By taking an actively critical approach to reading, you will be able to do the following:
- Stay focused while you read the text
- Understand the main idea of the text
- Understand the overall structure or organization of the text
- Retain what you have read
- Pose informed and thoughtful questions about the text
- Evaluate the effectiveness of ideas in the text
Establish Your Purpose
Establishing why you read something helps you decide how to read it, which saves time and improves comprehension. Before you start to read, remind yourself what questions you want to keep in mind. (Review Start with a Question section in this chapter). Then establish your purpose for reading.
In college and in your profession, you will read a variety of texts to gain and use information (e.g., scholarly articles, textbooks, reviews). Some purposes for reading might include the following:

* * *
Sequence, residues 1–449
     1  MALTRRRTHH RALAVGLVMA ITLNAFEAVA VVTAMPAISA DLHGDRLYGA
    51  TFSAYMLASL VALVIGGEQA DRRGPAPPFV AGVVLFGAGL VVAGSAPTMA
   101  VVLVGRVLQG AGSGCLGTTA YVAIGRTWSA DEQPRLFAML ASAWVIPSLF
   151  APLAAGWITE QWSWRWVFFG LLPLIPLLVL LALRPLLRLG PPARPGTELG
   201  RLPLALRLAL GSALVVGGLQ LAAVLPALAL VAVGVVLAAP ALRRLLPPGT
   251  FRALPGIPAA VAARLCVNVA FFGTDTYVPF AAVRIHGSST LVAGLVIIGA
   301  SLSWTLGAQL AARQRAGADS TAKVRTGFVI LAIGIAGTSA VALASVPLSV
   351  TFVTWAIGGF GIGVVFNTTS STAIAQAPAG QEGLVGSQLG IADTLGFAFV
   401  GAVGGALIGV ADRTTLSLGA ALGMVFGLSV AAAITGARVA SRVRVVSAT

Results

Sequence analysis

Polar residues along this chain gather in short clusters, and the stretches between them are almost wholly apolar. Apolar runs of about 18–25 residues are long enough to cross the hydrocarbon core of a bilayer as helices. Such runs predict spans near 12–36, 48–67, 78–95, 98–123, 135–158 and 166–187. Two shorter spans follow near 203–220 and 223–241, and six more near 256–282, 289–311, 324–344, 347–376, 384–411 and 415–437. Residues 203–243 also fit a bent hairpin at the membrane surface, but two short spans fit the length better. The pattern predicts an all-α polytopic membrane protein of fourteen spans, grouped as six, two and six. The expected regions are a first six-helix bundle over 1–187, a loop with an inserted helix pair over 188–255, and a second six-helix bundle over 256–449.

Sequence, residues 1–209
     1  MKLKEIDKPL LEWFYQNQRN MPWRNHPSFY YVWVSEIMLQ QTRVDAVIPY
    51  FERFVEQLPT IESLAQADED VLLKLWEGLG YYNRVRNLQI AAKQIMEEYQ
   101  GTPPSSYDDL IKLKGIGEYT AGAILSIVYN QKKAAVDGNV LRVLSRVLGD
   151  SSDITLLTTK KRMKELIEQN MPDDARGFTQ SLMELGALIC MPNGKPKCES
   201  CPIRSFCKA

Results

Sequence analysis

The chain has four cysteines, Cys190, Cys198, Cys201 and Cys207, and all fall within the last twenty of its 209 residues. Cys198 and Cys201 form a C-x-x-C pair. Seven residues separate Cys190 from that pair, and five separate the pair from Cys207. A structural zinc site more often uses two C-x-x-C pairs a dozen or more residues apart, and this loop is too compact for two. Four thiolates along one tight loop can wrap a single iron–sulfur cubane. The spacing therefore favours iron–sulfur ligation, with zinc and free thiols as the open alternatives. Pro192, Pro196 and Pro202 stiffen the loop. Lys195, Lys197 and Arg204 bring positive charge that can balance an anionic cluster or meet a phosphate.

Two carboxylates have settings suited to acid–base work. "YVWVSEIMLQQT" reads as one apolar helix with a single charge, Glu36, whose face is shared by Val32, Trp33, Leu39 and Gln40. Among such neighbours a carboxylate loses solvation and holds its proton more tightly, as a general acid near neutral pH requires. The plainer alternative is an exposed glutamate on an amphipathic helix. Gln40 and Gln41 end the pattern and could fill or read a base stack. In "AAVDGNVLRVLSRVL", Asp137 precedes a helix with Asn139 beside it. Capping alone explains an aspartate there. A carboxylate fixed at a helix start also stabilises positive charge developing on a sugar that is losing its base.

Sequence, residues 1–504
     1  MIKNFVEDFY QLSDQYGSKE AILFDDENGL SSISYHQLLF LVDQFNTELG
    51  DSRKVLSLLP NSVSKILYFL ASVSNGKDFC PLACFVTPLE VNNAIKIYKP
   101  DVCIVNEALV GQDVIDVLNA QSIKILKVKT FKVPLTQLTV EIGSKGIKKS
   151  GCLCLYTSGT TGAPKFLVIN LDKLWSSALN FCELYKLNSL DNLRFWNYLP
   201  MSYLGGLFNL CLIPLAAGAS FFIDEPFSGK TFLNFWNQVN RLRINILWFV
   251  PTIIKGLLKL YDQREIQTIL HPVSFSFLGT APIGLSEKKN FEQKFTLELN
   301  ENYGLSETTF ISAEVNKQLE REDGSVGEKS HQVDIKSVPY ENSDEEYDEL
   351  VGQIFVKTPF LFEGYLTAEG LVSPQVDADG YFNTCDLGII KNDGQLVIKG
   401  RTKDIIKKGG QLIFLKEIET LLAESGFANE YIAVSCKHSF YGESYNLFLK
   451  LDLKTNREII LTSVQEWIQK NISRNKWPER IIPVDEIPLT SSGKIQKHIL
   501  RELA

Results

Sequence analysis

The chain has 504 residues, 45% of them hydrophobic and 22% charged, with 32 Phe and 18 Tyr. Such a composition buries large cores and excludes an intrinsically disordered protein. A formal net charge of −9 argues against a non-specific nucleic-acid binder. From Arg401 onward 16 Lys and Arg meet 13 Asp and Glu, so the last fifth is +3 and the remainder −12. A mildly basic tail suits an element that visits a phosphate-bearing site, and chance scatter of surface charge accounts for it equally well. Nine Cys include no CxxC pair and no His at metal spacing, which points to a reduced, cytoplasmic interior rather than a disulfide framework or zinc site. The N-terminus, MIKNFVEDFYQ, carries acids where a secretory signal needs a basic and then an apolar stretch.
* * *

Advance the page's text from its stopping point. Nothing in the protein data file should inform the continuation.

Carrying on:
- to scan for specific information
- to skim to get an overview of the text
- to relate new content to existing knowledge
- to write something (often depends on a prompt)
- to discuss in class
- to critique an argument
- to learn something
- for general comprehension
Strategies differ from reader to reader. The same reader may use different strategies for different contexts because her purpose for reading changes. Ask yourself “why am I reading?” and “what am I reading?” when deciding which strategies work best.
Preview the Text
Once you have established your purpose for reading, the next step is to preview the text. Previewing a text involves skimming over it and noticing what stands out so that you not only get an overall sense of the text, but you also learn the author’s main ideas before reading for details. Thus, because previewing a text helps you better understand it, you will have better success analyzing it.
Questions to ask when previewing may include the following:
- What is the title of the text? Does it give a clear indication of the text’s subject?